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Graph Frequency vs Distance

  1. Sep 16, 2007 #1
    Alright, I have Physics homework where I have to graph Frequency vs Distance(I think it was distance). Well there are 3 columns, Frequency, Distance(As I said I think) than 1/Frequency. How in the world do you figure out 1/Frequency? I know that Frequency is Hz, and Hz = 1/s. So I would suppose 1/Frequency would be something like this?

    Frequency Distance 1/Frequency

    1 1/1/s
    2 1/2/s
    3 1/3/s
    4 1/4/s
    5 1/5/s
    6 1/6/s
    7 1/7/s
    8 1/8/s

    If so, what does s(Seconds) become?
  2. jcsd
  3. Sep 16, 2007 #2


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    [tex] \frac{1}{s^{-1}} = s [/tex]
  4. Sep 16, 2007 #3
    I understand that 1/s = s, I mean my teacher gave me a gigantic formula going, Hz=1/s=1/1/s=1/s/s=s/s/s=s/s=s.... But I still don't know what the heck I am doing. :( Sorry.

    Also I just found out this morning that Distance is Wavelength(cm). I still don't know how to find it though.
    Last edited: Sep 17, 2007
  5. Sep 17, 2007 #4
    Any ideas?
  6. Sep 17, 2007 #5


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    I'm really confused as to what you're asking! You have a table with data in the three columns and you are asked to plot frequency vs. wavelength?
  7. Sep 17, 2007 #6
    I'm asked to plot Wavelength v. 1/Frequency. But I have no clue on how to get the 1/Frequency Column. Right now my table looks like this.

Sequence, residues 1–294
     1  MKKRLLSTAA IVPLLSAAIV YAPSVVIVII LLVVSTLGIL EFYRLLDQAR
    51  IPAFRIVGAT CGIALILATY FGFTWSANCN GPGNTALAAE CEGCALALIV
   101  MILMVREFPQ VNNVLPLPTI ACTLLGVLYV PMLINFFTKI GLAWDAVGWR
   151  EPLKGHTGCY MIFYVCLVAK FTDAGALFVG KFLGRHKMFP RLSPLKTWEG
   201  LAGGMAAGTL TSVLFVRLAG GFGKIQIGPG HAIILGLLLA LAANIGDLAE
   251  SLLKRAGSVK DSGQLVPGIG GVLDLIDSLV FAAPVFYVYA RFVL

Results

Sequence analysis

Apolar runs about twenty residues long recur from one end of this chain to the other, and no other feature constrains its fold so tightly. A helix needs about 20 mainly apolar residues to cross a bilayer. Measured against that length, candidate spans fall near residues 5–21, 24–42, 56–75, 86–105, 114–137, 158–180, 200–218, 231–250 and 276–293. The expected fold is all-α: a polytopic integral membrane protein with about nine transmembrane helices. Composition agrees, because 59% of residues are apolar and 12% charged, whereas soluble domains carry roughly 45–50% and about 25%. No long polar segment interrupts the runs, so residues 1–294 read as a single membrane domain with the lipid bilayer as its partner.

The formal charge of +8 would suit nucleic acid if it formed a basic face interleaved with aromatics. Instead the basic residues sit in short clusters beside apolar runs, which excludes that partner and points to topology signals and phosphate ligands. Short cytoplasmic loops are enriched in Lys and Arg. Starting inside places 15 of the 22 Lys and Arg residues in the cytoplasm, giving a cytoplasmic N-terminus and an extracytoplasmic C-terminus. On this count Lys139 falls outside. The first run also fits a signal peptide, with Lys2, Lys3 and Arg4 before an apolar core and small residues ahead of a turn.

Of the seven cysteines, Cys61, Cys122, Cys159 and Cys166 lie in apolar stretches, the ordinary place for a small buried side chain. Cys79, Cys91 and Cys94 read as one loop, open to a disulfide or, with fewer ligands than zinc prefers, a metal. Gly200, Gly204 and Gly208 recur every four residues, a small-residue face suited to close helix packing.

(Hz)--------------(cm)---------------( )
  8. Sep 17, 2007 #7


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    Oh, right. Well, it's just the reciprocal of the first column. So, it would look like


    (which I now see is what you put in your first post!)

    Now, the units of frequency are [tex]s^{-1}=\frac{1}{s}[/tex] so the units of 1/freq will be [tex]\frac{1}{1/s}[/tex]. What does this equal?
    Last edited: Sep 17, 2007
  9. Sep 17, 2007 #8
    Alright thats kind of what I thought in the beginning. So mostly it would just be,


    and NOT


  10. Sep 17, 2007 #9


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    This is correct

    If you actually look at these numbers, they are the reciprocal of 1/freq, i.e. they are frequency (1/(1/2)=2). I think your teacher probably confused you. He may well have been discussing the units for 1/freq (since 1/(1/s)=s)
  11. Sep 17, 2007 #10
    Alright thanks alot for your help. Definitely.
  12. Sep 17, 2007 #11
    Alright so also if I am graphing, would I use .5(1/2), .33(1/3), .25(1/4) or what?
  13. Sep 17, 2007 #12


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    Yes, you will plot the points at 1/2(=0.5), 1/3(=0.33), etc.
  14. Sep 17, 2007 #13
    Alright thanks a lot. The only problem I had was graphing because I accidently put the changing value as the y and not the x. Now what should this become as a line when its graphed? Straight, Linear, or Squared?
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